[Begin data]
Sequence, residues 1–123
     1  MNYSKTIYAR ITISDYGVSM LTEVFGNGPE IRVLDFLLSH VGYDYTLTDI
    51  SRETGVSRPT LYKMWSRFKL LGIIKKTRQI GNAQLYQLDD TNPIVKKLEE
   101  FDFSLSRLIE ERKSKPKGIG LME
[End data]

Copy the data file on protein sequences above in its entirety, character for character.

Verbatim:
Sequence, residues 1–123
     1  MNYSKTIYAR ITISDYGVSM LTEVFGNGPE IRVLDFLLSH VGYDYTLTDI
    51  SRETGVSRPT LYKMWSRFKL LGIIKKTRQI GNAQLYQLDD TNPIVKKLEE
   101  FDFSLSRLIE ERKSKPKGIG LME